Malacañang on Saturday said it was “disturbed” by recent attacks of New People’s Army (NPA) rebels in Mindanao, despite the communists’ earlier vow to refrain from launching offensives against state forces.
In a statement, Palace spokesman Ernesto Abella said the several “serious offensives” committed by the communist rebels sow doubts on the merits of pursuing peace negotiations.
“Several recent serious offensives in Mindanao and elsewhere in the country allegedly committed by the [communist]forces further fueled the public’s doubts on whether it is still worthwhile to continue the peace negotiations with them,” Abella said.
“We are disturbed by the recent NPA attacks, considering that their leaders in Europe issued a statement condemning the incident in Marawi, even offering to refrain from undertaking offensive operations in Mindanao to enable our government forces to deal with focus on the rebellions still happening,” he added.
On June 17, the military engaged the NPA rebels in a firefight in Cateel, Davao Oriental, which led to the killing of five individuals, including three rebels. On the same day, the military again clashed with the rebels at Pantukan, Compostella Valley.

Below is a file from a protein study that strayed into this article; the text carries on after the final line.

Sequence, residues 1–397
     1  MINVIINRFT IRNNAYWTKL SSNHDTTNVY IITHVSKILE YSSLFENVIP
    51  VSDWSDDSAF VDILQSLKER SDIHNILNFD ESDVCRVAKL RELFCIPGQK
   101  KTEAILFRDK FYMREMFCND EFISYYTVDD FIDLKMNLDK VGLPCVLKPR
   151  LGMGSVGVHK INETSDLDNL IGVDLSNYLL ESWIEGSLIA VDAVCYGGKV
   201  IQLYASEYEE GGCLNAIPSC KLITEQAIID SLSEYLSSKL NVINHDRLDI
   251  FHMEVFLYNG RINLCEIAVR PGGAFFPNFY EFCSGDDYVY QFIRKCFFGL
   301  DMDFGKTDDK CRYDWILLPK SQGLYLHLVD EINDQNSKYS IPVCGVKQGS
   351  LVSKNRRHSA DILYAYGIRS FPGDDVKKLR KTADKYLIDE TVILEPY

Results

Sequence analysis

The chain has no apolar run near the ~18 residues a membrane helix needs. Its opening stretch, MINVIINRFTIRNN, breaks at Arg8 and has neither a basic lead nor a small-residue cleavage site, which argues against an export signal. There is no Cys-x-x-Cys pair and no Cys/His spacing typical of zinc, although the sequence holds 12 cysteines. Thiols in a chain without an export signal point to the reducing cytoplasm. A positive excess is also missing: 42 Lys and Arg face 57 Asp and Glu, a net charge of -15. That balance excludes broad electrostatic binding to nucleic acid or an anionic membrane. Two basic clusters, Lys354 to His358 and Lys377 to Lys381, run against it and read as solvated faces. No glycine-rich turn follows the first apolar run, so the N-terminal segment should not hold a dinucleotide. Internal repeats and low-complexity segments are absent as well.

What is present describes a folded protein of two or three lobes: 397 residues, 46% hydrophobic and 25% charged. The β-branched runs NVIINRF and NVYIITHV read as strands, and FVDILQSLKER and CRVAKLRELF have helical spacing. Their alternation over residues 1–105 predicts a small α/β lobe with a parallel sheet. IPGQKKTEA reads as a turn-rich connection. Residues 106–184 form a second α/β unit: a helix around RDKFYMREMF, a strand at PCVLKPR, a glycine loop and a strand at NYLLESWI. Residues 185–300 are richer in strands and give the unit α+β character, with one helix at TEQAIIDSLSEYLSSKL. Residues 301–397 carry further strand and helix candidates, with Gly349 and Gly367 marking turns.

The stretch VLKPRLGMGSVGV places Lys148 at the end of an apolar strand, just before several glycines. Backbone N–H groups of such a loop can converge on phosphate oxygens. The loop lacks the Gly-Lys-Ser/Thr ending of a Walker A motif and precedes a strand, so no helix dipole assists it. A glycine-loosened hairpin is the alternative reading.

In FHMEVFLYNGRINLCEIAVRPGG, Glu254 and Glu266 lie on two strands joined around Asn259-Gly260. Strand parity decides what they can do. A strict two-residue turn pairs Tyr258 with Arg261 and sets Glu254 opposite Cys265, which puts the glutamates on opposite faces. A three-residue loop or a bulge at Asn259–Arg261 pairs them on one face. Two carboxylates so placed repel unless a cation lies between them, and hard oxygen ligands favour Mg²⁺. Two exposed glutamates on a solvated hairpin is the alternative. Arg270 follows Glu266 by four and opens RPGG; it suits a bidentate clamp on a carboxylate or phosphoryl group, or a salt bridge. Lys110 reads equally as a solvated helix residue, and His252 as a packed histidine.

On June 18, around 40 rebels attacked a police station in Maasin town in Iloilo and took 12 firearms, including eight high-powered rifles.
The Palace official said the government would “decisively” deal with the hostile acts by the NPA, which have an impact on the peace talks.
“These NPA attacks disrupt the conducive and enabling environment indispensable in peacemaking and peace building,” Abella said.
“In the meantime, we will await further validation of these recent incidents and will undertake corresponding and appropriate steps to deal decisively with the situation,” he added.
Peace panels from the government and the communists suspended the fifth round of talks scheduled on May 27 to June 1 following “serious” challenges both parties faced, including the NPA’s “offensive attacks” throughout the country.